Feinstein seeks contact with FBI informant in Russia nuclear bribery case

Feinstein seeks contact with FBI informant in Russia nuclear bribery case
© Camille Fine

Sen. Dianne FeinsteinDianne Emiel FeinsteinSenate Judiciary Committee requests consultation with admin on refugee admissions Trump reignites court fight with Ninth Circuit pick GOP's Kennedy sends warning shot to Trump nominee Menashi MORE (D-Calif.) has sought access to an undercover informant who helped the FBI chronicle bribery, kickbacks and money laundering inside Moscow's nuclear industry as part of an Obama-era Russia corruption case.

Heather Sawyer, the general counsel for Feinstein — the top Democrat on the Senate Judiciary Committee — sent an email this week to the lawyer for the former FBI informant, William Campbell, seeking to be included in conversations involving the committee.

Sen. Chuck GrassleyCharles (Chuck) Ernest GrassleyOvernight Health Care — Presented by Partnership for America's Health Care Future — Pelosi unveils signature plan to lower drug prices | Trump says it's 'great to see' plan | Progressives pushing for changes Trump: 'Great to see' Pelosi plan to lower drug prices Pelosi unveils signature plan to lower drug prices MORE (R-Iowa), the chairman of the committee, secured an agreement with the Justice Department to allow Campbell to talk to Congress about the evidence he gathered for the FBI from 2009 to 2014 when he worked as a consultant for Tenex, a subsidiary of Russia's state-owned commercial nuclear arm Rosatom.

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Campbell's work led to the indictments of three major players, including Tenex official Vadim Mikerin, a key Russian nuclear figure inside the United States who was sentenced to 48 months in prison in December 2015.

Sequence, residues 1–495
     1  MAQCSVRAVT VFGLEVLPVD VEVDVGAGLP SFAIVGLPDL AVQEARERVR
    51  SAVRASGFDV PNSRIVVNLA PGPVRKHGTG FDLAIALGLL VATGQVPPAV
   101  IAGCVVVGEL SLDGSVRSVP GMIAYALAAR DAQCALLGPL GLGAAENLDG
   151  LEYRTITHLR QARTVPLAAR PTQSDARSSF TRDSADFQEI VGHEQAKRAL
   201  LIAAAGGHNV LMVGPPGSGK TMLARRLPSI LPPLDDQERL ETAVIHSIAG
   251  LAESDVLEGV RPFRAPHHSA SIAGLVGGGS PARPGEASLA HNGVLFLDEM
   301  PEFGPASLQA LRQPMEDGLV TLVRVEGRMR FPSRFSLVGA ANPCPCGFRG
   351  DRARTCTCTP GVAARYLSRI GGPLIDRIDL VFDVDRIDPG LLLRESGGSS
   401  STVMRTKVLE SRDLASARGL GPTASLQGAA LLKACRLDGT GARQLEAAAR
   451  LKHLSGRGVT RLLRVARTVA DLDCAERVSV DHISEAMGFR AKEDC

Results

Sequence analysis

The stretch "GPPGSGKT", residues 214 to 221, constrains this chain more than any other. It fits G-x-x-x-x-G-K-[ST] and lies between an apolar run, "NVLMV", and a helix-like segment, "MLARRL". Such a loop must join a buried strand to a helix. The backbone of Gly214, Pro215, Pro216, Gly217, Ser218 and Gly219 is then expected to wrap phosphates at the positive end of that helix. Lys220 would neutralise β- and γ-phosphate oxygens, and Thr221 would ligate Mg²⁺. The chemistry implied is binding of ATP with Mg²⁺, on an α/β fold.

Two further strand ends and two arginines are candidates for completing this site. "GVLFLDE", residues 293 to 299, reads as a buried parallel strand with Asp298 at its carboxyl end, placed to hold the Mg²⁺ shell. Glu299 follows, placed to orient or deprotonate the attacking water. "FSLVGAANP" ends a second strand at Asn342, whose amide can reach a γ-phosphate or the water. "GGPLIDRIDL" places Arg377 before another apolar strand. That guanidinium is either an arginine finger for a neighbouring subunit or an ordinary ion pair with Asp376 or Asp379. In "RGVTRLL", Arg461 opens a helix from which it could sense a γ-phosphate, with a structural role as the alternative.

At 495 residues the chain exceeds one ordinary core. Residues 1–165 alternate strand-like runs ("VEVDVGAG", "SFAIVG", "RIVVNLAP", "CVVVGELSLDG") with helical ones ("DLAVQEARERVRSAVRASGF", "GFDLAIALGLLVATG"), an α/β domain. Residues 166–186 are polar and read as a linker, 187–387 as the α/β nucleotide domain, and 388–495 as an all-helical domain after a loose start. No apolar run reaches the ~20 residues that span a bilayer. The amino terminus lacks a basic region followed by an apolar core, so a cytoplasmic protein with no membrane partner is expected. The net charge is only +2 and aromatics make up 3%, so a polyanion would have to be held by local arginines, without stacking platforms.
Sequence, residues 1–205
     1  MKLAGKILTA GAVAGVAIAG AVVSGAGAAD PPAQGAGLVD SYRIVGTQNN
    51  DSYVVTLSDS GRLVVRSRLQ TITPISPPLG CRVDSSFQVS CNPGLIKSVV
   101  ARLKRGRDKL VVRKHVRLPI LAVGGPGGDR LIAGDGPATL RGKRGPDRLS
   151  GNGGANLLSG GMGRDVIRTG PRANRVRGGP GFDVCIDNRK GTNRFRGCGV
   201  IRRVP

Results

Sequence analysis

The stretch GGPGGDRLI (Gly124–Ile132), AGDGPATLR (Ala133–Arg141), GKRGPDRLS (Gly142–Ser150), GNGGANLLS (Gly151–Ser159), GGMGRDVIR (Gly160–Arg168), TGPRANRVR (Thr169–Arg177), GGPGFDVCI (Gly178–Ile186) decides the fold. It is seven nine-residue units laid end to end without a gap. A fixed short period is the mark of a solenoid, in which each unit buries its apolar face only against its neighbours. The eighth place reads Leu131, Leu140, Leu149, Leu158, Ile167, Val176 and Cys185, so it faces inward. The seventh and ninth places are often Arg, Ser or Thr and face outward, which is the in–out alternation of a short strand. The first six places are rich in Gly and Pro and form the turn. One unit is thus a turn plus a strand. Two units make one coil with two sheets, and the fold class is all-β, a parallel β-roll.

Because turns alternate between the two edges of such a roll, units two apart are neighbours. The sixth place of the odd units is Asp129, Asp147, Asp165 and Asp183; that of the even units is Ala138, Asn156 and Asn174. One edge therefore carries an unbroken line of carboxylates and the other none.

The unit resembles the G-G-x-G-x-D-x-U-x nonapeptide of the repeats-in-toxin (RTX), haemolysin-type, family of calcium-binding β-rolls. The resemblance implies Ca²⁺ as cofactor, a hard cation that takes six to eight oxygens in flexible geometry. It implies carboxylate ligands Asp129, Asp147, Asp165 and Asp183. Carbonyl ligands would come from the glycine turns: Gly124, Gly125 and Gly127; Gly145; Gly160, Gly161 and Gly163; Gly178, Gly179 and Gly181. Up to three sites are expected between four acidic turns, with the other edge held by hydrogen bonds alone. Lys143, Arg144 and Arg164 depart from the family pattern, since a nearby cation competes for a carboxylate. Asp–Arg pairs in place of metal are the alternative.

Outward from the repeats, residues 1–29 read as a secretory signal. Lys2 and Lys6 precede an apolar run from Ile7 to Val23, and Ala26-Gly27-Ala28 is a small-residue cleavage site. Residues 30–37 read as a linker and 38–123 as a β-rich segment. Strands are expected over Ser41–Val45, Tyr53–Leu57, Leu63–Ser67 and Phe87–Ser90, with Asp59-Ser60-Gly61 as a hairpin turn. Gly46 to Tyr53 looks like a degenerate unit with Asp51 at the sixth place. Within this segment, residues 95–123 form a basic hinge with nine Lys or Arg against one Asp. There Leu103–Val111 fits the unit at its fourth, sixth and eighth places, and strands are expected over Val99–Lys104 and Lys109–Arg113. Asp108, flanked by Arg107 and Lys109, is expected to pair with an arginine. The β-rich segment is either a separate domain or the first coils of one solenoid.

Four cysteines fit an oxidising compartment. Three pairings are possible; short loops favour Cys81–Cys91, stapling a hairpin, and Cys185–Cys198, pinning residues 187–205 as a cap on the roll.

Grassley wants to know what the FBI did with the evidence it first gathered in 2009 that Mikerin and others inside the Russian nuclear industry were engaged in illegal activity.
 
The GOP chairman also wants to know whether the Obama administration was alerted to the illegal activity before it approved the sale of U.S. uranium assets to Rosatom and made other favorable decisions worth billions of dollars to Russia's nuclear industry.
 
"I’m writing to follow-up on the October 18, 2017 letter from Chairman Grassley," Sawyer wrote Campbell's attorney, Victoria Toensing.
 
"I understand that you represent someone who may have information of interest to the Committee and that discussions are under way to arrange for a possible interview," she added. "We would appreciate being looped in on those discussions so that we can address any concerns that might arise."
 
Toensing signaled in a response back to Feinstein's staff that she and her client will cooperate, according to an email exchange reviewed by The Hill.
 
Feinstein first showed her interest in the case a few weeks ago in an interview with The Hill where she said she would like to learn more about the FBI case and what happened with the evidence.
 
 
Some Republicans are pressing the Justice Department to name a special counsel to re-investigate the Mikerin matter. The department already appointed one special counsel in May, Robert Mueller, to probe ties between President Trump's campaign and Russia.
 
Republicans have noted that former President Bill ClintonWilliam (Bill) Jefferson ClintonTrump sues to block NY prosecutors' subpoena for his tax returns Most voters say there is too much turnover in Trump administration RNC spokeswoman on 2020 GOP primary cancellations: 'This is not abnormal' MORE received a $500,000 speech fee and millions in charitable donations from parties interested in the Russia nuclear company during the time his wife Hillary ClintonHillary Diane Rodham ClintonMissing piece to the Ukraine puzzle: State Department's overture to Rudy Giuliani On The Money: Trump downplays urgency of China trade talks | Chinese negotiators cut US trip short in new setback | Trump sanctions Iran's national bank | Survey finds Pennsylvania, Wisconsin lost the most factory jobs in past year Meghan McCain, Ana Navarro get heated over whistleblower debate MORE served as secretary of State.
 
Hillary Clinton has scoffed at those requests, suggesting they are nothing more than a partisan distraction from the current federal probe into Russian meddling in the 2016 election.